Lee Valley & Veritas
Woodworking Newsletter
 
  Volume 9, Issue 3 - January 2015    
 
Bench Top Router-Jointer
To make a bench top router-jointer, I suggest using MDF because it's flat, uniform and stable. Stack two piles of 2-3/4" x 18" strips to about 2/3 of the height of your router base plate. I also suggest using melamine strips for the tops because of their slipperiness; however, waxed MDF could also be used. With this width of board, use a 2-1/2" long 1/2" straight router bit.   Stack two piles of 2-3/4" x 18" strips of MDF to about 2/3 of the height of your router base plate.
     
Set the outfeed table about 1/16" higher than the infeed table. To do so, either sandwich full cardboard strips between two of the MDF layers used for the outfeed table or use one thinner MDF strip for your infeed table.   Set the outfeed table about 1/16" higher than the infeed table
     
One pile at a time, stack and clamp your boards. Cut one end square and the opposite end at 60°. An appropriate length for the bench top router-jointer is 3'. Because of the rotation of all routers, the infeed table must be on the left.   Cut one end of your board square and the opposite end at 60°.
     
You need a base, a fence and four brackets. Leave room for the router between the higher center brackets. Make sure the adjoining corners of your brackets are perfectly square so that your fence will be at 90° from the base.   You need a base, a fence and four brackets.
     
After scribing a center line on the fence, drill a 1-1/4" hole for the router bit to slip through. Make sure the upper edge of a 1/2" router bit can be set level with the top of the outfeed table (right). Take into account that the fence will be lowered into a shallow groove.   After scribing a center line on the fence, drill a 1-1/4" hole for the router bit to slip through.
     
Cut gentle curves on the outer upper corners of the fence and brackets and mill a handle at the center of the fence. Round over all outer edges using a 1/8" rounding-over bit. Trace the location of all pieces and pre-drill and countersink both sides of all parts. You don't want any burrs causing your boards to be out of square!   Cut gentle curves on the outer upper corners of the fence and brackets and mill a handle at the center of the fence.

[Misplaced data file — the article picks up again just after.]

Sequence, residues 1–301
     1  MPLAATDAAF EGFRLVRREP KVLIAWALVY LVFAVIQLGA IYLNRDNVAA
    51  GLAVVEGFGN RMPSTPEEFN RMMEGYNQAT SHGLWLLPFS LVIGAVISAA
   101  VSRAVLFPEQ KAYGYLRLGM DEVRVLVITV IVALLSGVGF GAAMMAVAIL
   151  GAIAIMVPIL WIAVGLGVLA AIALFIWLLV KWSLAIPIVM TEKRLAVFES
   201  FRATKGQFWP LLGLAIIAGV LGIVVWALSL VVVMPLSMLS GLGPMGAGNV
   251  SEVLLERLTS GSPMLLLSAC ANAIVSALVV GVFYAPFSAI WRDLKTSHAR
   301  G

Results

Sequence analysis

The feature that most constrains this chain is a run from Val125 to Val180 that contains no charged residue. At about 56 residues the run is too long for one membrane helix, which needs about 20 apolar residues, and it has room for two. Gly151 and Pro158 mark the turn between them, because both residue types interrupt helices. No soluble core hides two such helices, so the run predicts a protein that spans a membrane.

Mill the shallow groove for the fence to sit in and, once again, pre-drill and countersink on both sides. If you're ready for the next step, pre-drill, glue and screw the fence to the base from underneath.   Mill the shallow groove for the fence to sit in.
     
Pre-drill, glue and screw one bracket at a time, keeping everything square. Use a plastic straw to remove excess glue from tight corners. In this photo, you can see that my holes are all countersunk, even on the hidden sides.   Pre-drill, glue and screw one bracket at a time, keeping everything square.
     
After ensuring they're square, clamp your layers and drill for two 1/4" hex bolts on each one. Rest them on the base at their final location and mark where to drill the base. (I used a transfer punch, as shown.) Note that although the two melamine tabletops are set aside, their final positioning must be taken into consideration at this point.   Using a transfer punch to mark where to drill the base.
     
Drill the base and counterbore the underside for lock washers (I like the thin star type) and the four bolt heads. Note that you may have to cut your bolts to match the thickness of your stacks. Don't use glue, nails or screws as they could compromise flatness and evenness.   Drill the base and counterbore the underside for lock washers and the four bolt heads.
     
On your upper strips of MDF, counterbore for four T-nuts for the bolts to lock into. If your bolts protrude only a bit, you may counterbore the underside of the melamine tabletops, as shown. Chamfer the top edges of the melamine, except for the one close to the router bit. The most important chamfer is the one adjacent to the fence, which creates a cavity for the fine dust to escape.   On your upper strips of MDF, counterbore for four T-nuts for the bolts to lock into.